Tweakers.net, 8 February 2016: 'Citizens coalition: 'AIVD has carte blanche from court for data collection'"
“The Citizens v Plasterk coalition has explained its registered appeal to the court of appeal in The Hague in the case on data sharing between secret services. The coalition filed a memorandum of appeal for this.
On 23 July 2014, Tweakers reported on a court ruling in The Hague in a case between a coalition of organisations and citizens who had sued the state. The plaintiffs wanted the Dutch state to stop using private data collected in violation of Dutch law. At issue was data passed on to Dutch intelligence services by the US secret service NSA, among others. The court then ruled that the state did not have to stop doing so.
The ruling stated that it is "urgently necessary" for intelligence services to cooperate with foreign services, despite the fact that it may result in the secret services collecting and possibly using information not collected in line with Dutch law. In doing so, the court ruled the Dutch AIVD and MIVD According to Privacy First an 'carte blanche given to collect large amounts of data of Dutch citizens through foreign intelligence services without any legal protection' under the heading 'national security'.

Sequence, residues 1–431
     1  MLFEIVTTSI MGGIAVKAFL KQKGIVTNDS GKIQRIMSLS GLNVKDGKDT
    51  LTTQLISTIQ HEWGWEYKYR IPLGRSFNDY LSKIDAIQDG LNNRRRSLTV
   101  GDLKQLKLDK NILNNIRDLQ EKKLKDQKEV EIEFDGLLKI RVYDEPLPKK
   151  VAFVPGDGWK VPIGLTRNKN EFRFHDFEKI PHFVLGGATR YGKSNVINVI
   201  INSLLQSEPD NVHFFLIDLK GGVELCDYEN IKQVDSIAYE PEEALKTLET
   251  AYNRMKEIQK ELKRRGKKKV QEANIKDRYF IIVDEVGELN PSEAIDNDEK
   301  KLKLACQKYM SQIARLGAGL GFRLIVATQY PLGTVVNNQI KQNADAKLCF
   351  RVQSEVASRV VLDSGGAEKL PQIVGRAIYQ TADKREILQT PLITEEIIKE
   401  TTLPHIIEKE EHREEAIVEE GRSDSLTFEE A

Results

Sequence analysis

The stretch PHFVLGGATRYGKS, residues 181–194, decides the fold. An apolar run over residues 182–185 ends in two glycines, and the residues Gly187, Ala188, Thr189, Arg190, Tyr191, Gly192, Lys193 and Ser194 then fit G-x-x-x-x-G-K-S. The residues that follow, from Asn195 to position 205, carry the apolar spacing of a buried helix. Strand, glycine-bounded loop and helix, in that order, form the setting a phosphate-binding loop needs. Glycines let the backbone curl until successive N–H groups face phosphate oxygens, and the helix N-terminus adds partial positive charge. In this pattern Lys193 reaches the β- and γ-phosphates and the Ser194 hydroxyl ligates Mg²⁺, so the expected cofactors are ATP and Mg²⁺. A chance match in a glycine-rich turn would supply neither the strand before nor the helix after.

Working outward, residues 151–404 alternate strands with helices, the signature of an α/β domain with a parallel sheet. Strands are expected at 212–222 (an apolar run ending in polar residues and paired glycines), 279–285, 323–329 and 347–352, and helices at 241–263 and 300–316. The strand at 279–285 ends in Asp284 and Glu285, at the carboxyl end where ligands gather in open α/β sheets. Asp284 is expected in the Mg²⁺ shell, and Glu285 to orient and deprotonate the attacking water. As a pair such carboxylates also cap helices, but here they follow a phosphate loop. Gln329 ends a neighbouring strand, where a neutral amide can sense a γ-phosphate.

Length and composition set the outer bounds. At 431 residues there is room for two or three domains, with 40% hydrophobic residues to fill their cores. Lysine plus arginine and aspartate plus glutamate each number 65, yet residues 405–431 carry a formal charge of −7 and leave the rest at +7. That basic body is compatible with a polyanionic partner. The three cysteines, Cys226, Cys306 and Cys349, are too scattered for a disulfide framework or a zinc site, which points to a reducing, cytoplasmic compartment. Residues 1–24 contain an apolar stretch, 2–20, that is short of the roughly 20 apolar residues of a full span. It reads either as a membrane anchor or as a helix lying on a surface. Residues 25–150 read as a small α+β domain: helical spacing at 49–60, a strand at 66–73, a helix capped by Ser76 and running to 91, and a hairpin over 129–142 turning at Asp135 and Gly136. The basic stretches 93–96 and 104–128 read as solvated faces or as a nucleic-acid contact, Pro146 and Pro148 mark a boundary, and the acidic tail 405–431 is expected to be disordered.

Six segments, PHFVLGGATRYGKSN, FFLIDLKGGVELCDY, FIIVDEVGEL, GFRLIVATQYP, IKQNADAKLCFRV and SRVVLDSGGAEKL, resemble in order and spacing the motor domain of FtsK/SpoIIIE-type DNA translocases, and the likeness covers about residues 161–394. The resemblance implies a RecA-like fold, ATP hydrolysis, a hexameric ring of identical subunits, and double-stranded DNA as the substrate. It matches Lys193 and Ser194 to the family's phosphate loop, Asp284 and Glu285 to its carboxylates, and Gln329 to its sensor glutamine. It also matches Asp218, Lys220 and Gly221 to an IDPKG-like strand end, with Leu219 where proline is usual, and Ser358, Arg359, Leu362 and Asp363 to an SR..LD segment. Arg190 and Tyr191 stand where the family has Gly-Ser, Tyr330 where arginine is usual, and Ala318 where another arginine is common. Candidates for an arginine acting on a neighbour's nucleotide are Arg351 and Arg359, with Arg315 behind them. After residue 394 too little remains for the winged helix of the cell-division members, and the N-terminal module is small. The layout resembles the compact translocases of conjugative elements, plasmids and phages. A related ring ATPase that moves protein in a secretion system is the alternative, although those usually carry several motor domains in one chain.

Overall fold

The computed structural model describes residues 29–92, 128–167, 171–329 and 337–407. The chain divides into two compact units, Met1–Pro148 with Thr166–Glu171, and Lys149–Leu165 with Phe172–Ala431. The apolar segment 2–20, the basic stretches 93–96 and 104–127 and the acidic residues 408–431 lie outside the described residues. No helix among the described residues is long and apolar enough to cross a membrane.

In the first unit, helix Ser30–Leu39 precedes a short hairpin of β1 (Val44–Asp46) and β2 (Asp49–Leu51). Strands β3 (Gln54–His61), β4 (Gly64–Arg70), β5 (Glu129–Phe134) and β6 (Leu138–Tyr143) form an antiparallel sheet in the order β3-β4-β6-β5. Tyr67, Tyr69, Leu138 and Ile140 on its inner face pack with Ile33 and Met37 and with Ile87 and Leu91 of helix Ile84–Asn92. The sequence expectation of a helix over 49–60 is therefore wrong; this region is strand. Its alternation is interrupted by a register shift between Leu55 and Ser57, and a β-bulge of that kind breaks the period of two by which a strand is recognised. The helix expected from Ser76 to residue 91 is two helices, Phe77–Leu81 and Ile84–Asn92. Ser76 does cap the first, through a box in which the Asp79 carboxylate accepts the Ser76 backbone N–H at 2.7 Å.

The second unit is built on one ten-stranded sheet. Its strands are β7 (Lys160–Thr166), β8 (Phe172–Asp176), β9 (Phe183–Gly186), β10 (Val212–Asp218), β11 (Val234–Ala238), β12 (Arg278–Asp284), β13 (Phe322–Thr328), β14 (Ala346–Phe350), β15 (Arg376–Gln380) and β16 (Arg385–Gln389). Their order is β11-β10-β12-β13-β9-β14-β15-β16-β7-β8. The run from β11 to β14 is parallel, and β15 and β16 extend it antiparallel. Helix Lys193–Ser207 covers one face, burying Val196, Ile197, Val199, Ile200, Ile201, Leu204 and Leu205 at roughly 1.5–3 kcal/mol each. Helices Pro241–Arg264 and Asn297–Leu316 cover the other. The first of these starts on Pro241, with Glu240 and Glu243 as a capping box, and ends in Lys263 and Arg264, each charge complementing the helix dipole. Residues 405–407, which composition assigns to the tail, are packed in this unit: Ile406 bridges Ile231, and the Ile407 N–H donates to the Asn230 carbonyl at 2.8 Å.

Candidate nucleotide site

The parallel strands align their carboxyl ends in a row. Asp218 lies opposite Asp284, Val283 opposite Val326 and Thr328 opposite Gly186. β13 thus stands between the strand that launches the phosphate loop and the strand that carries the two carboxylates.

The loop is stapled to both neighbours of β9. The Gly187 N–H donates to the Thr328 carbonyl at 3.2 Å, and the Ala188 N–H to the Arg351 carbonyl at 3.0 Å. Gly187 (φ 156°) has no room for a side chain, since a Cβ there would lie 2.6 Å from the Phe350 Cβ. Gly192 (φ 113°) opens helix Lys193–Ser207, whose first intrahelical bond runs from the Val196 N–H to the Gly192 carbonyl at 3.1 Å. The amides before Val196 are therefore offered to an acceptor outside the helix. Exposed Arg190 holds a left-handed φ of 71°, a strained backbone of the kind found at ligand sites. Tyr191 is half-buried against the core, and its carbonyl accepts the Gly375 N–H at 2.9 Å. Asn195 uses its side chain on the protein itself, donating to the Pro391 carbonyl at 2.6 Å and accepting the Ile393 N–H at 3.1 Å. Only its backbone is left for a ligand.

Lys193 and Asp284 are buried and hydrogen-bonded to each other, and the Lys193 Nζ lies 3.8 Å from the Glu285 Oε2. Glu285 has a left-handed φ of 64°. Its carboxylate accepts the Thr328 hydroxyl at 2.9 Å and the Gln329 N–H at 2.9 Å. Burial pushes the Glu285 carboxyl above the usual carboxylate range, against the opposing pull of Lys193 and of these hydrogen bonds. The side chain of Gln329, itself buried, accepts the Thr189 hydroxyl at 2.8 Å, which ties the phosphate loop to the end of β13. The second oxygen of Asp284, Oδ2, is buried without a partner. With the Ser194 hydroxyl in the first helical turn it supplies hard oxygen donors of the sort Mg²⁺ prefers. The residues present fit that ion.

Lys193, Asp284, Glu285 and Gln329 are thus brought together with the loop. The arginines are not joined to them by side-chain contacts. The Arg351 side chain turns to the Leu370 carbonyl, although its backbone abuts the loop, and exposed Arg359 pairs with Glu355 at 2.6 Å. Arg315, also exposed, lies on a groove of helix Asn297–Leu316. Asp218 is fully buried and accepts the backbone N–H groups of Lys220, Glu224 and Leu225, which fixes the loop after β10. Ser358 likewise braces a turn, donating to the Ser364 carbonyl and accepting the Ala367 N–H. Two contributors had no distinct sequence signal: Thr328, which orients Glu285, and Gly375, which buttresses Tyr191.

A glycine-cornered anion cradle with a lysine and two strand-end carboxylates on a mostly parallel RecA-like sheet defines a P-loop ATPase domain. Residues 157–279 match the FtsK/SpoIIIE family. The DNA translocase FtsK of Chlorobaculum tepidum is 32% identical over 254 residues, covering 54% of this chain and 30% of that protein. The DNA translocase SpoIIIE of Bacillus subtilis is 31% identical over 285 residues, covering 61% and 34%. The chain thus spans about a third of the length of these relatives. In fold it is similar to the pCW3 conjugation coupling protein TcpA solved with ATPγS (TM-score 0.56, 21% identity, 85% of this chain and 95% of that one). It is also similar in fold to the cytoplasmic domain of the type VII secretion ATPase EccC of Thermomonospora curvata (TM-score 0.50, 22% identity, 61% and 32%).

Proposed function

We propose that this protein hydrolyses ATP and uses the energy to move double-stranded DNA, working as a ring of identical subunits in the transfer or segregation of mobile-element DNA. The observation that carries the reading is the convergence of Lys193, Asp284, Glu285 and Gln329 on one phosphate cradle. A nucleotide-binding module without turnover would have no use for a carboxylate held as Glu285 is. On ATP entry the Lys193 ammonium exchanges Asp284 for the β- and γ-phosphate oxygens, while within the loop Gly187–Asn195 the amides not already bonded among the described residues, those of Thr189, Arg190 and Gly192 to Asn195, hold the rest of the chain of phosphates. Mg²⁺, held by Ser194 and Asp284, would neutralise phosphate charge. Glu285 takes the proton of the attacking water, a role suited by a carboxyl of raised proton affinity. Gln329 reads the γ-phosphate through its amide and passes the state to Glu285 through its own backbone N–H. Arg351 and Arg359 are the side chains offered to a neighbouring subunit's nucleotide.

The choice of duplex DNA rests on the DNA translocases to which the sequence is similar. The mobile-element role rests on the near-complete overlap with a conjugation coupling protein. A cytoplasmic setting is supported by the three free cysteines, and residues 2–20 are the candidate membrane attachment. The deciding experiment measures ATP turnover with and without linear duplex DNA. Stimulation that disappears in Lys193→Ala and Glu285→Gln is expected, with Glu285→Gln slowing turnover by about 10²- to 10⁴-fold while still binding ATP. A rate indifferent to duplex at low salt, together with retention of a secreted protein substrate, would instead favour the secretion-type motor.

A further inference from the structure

The coalition subsequently appealed, noting, however, that the coalition does not seek to prevent cooperation with foreign services. The coalition believes that when cooperating and receiving data, "strict safeguards must be observed". If this is not done, data collected in ways that violate Dutch law could still come into the possession of Dutch services. The coalition calls this circumvention of the Wiv a U-turn construction.
Before a hearing will take place and a ruling can be made on appeal, the Dutch state must first answer in a memorandum of reply.
The coalition further writes that it has recently been admitted to proceedings brought by the British organisation Big Brother Watch at the European Court of Human Rights against the UK. The case at the ECHR may be relevant to the Dutch case. (...)"